After a cancer diagnosis, there are endless questions and moments of uncertainty. Worries about work, about family, about routine and mindset and privacy and…the list goes on and on. For many, all of these uncertainties can seem almost as daunting as the disease itself. It becomes more than just “how do I beat cancer?” but also “how do I live with cancer while I fight?”
In these moments, it’s best to look to survivors for ideas and stories. These insights can inspire those in the fight to live on their own terms and begin to prioritize what’s really important to them. Cátia Oliveira told her story to Magenta and gave some advice on work, life and balance.
“Keep the routine
Some people get really depressed and try to isolate themselves, and what I tried to do is exactly the opposite. I tried to connect with old friends, with my family. I tried to make the most of the connections I could. I tried to keep the same routine. Just to do some gym, or just to go to some classes. Just to fill my time, basically. I tried to be as busy as I could. The more you keep your mind busy, the more you don’t relate to the disease, which is a good thing, I think. Life doesn’t stop, and you shouldn’t stop living. I was trying to be the same person in even the way I looked. I could never leave my flat without makeup, for example. I was just like, “That’s me. That’s who I am. I am not losing myself.” Even with less hair, or no hair — it doesn’t matter. I cut my hair before I did the chemo. That way, I felt like I was in control of everything, instead of the other way around.
Don’t be afraid to go back to work
I was in Lisbon, and I did stop working when I started chemo and radio, and then I got back to doing small jobs for Nike. I decided to come back to London again in October. I transferred all of my treatments to London, and in December, I said to my husband, “I want to go back to work, and I want to feel normal.” So that’s what I did. I sent my portfolios out in December, and I got hired by Huge.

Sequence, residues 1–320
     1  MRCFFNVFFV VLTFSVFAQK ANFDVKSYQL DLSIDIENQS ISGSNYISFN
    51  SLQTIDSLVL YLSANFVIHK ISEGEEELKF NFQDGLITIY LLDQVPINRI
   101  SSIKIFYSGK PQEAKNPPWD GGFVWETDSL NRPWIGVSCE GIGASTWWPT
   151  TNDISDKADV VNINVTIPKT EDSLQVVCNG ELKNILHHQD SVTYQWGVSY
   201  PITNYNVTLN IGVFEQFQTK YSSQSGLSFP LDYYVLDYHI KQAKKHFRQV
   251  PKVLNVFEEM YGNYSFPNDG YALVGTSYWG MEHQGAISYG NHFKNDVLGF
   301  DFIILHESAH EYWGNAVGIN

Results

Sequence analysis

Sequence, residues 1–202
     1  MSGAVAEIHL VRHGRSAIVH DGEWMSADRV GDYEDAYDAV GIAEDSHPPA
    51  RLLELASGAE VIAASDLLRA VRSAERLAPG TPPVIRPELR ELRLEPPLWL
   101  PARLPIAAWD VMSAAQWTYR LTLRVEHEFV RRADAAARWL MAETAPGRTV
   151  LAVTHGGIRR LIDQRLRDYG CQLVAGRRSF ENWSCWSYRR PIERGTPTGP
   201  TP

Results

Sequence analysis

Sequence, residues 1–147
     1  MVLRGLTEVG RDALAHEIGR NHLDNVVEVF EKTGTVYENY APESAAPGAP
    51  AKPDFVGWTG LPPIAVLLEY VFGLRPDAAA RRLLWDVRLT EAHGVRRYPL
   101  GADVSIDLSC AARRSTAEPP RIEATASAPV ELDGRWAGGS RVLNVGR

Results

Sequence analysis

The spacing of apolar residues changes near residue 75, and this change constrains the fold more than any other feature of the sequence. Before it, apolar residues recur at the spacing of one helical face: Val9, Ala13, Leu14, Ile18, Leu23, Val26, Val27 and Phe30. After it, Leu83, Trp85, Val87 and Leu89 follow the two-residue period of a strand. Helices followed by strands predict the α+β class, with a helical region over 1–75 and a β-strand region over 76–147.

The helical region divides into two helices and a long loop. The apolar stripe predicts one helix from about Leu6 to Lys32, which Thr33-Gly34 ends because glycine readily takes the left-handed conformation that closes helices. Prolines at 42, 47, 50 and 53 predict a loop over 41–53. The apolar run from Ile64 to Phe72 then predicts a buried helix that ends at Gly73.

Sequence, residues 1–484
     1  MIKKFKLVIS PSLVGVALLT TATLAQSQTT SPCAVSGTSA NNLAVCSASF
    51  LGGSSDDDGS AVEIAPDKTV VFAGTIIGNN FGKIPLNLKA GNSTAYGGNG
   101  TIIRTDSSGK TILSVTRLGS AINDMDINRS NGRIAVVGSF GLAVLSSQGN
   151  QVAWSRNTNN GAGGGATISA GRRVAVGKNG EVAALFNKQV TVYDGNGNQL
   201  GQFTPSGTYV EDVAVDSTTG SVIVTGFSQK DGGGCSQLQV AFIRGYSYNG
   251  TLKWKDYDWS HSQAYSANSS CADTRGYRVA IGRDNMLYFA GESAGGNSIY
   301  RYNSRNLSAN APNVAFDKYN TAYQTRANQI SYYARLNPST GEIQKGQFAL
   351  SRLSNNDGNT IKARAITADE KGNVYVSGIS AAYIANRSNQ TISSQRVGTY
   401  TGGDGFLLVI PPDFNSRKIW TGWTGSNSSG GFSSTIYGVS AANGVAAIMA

Be transparent with your colleagues
I think when you go through this kind of thing, the first thing that you try to do is hide it from everyone you work with. For some reason, there is a stigma around cancer. You don’t want to share it. You don’t want to tell people you’ve been through this. So when I did start talking about this, I had a lot of people who came to me to say things like, “Cátia, can I tell you something? I had breast cancer ten years ago, and I never talked to anyone except members of my family, and I would like to talk about it now.” The more you talk, the more it’s like a release for you. I feel better when I talk about it. The more you talk about it, the more support you have. If you don’t talk about it, people don’t know that you are going through something. And this is across everything, not only having cancer. I think the more transparent you are the more benefits you get in your life.”
There are many ways to live with cancer while fighting it. For Cátia, it was about focusing on normalcy and remaining true to herself, rather than becoming a version of herself with a disease. Her story and those of endless other survivors are sources of inspiration to many as they begin to create a plan for how to continue to live during their battle.